Electricity that comes purely and solely from clean, renewable resources is the golden standard in energy. Every advance that is made in energy and power today is moving toward that goal, and while we may be a ways from that scenario, we are getting closer.
At least one politician is trying to move his state even closer to that reality.
This month, California’s Governor Jerry Brown signed into law Senate Bill 100. The bill takes a big step toward clean energy by requiring retail electricity suppliers in California to get all of their electricity from zero-emissions or renewable energy by 2045.
This action goes along with the governor’s executive order to achieve complete carbon neutrality by 2045.
“This bill and the executive order put California on a path to meet the goals of Paris and beyond. It will not be easy. It will not be immediate. But it must be done,” said the governor.
California already leads the U.S. in the percentage of electricity generated from non-hydropower renewable sources. The state is also a leader in hydropower, and includes wind, solar, and geothermal in its renewable energy portfolio. In 2017, the state produced 51% of its energy from hydro, solar, wind, nuclear, biomass, geothermal, and other renewable sources. The other 49% comes from natural gas, which is set to fall over the next few decades.
Already, California has a requirement that 33% of its electricity comes from renewables by 2020, and half by 2030 (not including hydropower). The state currently gets 25% from non-hydro, non-nuclear renewables.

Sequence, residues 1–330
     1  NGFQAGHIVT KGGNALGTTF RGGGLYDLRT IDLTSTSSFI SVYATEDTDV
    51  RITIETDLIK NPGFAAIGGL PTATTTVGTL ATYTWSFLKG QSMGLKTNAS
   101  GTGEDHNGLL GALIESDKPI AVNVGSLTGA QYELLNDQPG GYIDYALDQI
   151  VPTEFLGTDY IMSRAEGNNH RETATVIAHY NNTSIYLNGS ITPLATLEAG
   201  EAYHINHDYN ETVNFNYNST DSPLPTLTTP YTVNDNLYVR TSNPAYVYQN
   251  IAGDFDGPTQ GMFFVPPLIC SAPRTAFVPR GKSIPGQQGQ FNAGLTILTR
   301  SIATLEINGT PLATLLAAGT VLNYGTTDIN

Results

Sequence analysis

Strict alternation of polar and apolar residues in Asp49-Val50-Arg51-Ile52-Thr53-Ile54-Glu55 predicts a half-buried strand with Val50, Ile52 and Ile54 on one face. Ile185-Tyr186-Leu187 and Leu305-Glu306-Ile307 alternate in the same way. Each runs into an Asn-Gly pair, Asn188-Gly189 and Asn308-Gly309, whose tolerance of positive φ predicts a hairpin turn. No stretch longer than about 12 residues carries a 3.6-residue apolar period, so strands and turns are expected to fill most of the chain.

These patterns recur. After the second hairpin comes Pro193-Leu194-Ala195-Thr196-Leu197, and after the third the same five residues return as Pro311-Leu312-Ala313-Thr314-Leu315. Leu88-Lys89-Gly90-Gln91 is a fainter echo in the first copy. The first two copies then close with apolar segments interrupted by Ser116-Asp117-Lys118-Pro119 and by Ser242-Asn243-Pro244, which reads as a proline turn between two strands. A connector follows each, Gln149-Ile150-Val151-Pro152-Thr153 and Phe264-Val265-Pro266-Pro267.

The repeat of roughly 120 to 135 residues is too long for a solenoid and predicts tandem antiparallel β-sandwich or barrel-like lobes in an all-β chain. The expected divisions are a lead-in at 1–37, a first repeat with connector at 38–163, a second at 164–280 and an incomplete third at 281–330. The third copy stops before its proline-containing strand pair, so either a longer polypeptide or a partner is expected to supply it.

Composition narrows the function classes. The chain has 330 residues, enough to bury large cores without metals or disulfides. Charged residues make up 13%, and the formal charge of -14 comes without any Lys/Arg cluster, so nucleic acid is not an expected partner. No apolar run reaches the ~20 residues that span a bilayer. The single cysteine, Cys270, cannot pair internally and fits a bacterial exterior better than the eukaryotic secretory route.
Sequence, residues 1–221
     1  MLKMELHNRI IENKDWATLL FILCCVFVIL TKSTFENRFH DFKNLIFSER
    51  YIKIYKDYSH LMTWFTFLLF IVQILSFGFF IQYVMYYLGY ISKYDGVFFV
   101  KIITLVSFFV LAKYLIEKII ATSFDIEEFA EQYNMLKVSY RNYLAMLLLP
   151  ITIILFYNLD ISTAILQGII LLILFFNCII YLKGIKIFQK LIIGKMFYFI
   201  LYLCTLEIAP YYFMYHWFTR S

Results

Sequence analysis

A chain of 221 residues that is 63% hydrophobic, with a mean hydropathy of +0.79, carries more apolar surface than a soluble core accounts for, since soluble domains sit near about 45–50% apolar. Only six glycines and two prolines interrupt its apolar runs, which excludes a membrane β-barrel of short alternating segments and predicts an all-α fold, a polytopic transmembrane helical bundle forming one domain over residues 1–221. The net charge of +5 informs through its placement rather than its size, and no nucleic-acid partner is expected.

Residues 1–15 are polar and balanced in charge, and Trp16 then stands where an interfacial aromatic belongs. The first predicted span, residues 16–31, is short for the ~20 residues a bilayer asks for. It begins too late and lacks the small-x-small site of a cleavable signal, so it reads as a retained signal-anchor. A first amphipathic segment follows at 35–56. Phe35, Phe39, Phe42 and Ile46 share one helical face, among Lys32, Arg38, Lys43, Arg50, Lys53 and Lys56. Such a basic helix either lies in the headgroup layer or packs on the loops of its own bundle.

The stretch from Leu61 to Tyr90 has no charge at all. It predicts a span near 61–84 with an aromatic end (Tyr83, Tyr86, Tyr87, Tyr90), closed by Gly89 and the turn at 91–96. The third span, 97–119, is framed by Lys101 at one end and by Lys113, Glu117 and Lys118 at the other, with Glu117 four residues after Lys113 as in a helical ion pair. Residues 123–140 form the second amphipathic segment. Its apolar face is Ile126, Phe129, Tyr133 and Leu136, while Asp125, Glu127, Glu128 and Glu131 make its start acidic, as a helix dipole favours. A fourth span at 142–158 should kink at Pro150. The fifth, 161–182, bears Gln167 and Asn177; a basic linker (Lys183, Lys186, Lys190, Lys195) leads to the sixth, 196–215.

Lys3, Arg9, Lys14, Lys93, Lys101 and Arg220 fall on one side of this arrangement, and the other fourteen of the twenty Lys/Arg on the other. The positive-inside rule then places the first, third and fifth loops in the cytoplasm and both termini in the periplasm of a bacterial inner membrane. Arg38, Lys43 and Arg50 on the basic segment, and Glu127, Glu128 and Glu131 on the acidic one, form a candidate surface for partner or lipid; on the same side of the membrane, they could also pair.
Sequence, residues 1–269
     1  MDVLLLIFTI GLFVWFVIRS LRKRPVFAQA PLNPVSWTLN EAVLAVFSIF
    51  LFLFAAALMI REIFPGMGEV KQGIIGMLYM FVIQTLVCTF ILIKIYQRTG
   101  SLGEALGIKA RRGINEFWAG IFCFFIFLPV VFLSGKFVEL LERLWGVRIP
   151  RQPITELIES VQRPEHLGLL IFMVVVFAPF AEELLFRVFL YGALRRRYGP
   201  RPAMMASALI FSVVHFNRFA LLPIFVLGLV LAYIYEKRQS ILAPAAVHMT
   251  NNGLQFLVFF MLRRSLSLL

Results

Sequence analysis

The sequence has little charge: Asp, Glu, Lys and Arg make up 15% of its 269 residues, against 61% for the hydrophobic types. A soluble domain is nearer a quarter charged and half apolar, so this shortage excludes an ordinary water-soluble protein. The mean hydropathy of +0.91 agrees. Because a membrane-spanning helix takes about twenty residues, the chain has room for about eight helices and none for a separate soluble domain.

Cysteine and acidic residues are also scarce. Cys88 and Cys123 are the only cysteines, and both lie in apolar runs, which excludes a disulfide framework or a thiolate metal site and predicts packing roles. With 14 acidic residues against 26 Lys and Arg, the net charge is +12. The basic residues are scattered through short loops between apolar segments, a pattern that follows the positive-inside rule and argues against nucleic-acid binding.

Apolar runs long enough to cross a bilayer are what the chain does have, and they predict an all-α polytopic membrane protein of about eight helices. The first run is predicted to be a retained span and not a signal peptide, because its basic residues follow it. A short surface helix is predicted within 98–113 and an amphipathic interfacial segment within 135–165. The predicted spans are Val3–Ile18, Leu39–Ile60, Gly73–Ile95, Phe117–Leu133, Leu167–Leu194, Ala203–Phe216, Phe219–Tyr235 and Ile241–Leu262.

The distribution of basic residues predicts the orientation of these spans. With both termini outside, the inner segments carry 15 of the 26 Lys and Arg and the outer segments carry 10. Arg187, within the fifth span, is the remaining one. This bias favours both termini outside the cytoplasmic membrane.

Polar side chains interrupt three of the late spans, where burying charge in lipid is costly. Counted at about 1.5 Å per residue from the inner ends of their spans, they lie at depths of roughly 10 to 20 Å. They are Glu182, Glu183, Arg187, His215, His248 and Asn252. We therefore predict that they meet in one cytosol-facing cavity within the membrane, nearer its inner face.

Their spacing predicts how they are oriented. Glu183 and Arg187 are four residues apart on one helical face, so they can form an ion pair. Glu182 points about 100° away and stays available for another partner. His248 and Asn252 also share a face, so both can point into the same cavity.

As a whole, California has invested over $2.2 billion in renewables, the highest figure in the country.
Biomass is one of the renewable, carbon-neutral energy sources that has a lot of room to grow and develop in the Golden State. Already, there are 22 operating biomass power plants in the state, and half of the biomass industry calls California home, according to the California Biomass Energy Alliance. Biomass constitutes 6% of electricity production in the state, a figure that has held steady over the past decade.
With the latest wildfires that have swept the state this year, an argument has emerged that solid biomass offers a way to cull overgrown forests for fuel which can reduce the risk of forest fires. It has yet to be seen if this consideration will play a role in policy-making moving forward.
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